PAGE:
- Active – Open to paralegals living or working in Dane County who meet one of the following:
- Passed the Certified Legal Assistant (CLA)/Certified Paralegal (CP) exam from NALA
- Graduate of a formal paralegal studies program
- Three years of law-related experience that includes at least one year of in-house paralegal training
- Student – Open to students who are enrolled in a formal paralegal studies program
- Associate – Open to those who do not qualify for Student or Active membership, who support the paralegal profession
Sustaining – Open to individuals, law firms, corporations, and paralegal program representatives who endorse the paralegal concept
State Bar of Wisconsin – In June 2016 it was announced that Wisconsin approved the voluntary credential State Bar of Wisconsin Certified Paralegal. To qualify you will need to meet the following conditions:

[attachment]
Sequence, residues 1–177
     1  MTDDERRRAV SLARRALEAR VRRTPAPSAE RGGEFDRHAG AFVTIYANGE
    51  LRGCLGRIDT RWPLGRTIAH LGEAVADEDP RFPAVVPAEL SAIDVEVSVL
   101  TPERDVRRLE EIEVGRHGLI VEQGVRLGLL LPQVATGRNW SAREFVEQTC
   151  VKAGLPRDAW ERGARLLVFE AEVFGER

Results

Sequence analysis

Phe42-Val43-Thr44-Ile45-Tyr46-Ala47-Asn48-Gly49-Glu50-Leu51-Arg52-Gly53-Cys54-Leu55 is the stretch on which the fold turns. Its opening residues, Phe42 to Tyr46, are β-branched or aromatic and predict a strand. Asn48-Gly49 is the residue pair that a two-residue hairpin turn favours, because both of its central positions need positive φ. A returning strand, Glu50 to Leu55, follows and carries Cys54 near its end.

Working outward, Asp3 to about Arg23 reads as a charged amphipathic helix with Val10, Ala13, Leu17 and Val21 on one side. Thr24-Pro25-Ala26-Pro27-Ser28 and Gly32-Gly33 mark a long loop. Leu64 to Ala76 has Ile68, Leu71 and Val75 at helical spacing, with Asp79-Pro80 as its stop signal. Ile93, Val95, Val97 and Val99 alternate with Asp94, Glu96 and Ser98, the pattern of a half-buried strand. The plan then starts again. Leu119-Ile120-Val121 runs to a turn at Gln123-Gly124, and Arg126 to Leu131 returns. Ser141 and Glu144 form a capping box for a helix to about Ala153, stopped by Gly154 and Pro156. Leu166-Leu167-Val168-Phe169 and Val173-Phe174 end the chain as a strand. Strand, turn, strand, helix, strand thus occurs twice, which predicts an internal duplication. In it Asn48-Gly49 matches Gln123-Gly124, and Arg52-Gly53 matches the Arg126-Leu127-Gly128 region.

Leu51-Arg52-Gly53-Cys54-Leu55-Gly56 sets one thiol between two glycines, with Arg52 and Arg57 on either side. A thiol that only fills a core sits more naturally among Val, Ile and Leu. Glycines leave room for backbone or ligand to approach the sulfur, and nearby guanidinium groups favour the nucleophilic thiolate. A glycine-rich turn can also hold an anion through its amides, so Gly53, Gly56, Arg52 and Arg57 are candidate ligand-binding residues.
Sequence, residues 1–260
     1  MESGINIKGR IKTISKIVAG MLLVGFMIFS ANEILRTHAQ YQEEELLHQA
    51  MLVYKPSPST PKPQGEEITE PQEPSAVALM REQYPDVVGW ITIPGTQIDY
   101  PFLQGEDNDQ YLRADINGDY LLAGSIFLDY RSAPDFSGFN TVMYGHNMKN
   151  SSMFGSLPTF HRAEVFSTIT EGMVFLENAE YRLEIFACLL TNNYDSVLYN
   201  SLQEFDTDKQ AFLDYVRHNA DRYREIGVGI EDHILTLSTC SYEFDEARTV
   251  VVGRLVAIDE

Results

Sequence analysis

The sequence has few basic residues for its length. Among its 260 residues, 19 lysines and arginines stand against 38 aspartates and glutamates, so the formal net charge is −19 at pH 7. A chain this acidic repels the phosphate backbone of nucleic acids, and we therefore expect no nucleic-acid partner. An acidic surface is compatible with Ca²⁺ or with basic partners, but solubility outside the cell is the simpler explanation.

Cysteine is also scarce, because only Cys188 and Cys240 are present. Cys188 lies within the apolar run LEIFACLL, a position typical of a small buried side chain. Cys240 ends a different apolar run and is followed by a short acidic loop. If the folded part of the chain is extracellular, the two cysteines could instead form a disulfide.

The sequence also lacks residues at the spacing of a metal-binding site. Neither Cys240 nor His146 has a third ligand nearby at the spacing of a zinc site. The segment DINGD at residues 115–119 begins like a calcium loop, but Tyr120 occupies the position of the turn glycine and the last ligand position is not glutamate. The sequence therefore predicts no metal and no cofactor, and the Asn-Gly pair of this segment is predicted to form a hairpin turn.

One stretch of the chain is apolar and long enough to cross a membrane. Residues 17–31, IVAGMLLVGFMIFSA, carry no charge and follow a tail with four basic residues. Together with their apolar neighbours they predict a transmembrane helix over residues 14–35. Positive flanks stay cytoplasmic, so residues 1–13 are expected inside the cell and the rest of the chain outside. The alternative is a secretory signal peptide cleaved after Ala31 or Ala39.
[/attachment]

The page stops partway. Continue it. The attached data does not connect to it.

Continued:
- Be an employed paralegal under the supervision of a licensed attorney
- Complete an approved paralegal studies program that includes substantive content and skills training that specifically relates to Wisconsin
Wisconsin’s law firms offer many entry-level jobs for newly-minted paralegals. Law firms are the largest employers of paralegals throughout the country. In Wisconsin, these large employers include:
- Foley & Lardner
- Quarles & Brady
- Michael Best & Friedrich
- Reinhart Boerner Van Deuren
- Godfrey & Kahn
- Whyte Hirschboeck Dudek
- von Briesen & Roper
- DeWitt Ross & Stevens
- Davis & Kuelthau
- Axley Brynelson
Important Contacts for Paralegals
- The Paralegal Association of Wisconsin (PAW), affiliated with the NFPA
- Wisconsin Association for Legal Professionals (WALP), affiliated with NALS
- Madison Area Paralegal Association (MAPA), affiliated with NALA
- The State Bar of Wisconsin
- The Office of Secretary of State of Wisconsin
- The Wisconsin Court System
May 2020 Bureau of Labor Statistics salary, growth, and job market trends for paralegals and legal assistants. Figures represent state data, not school specific information. Conditions in your area may vary. Data accessed December 2021.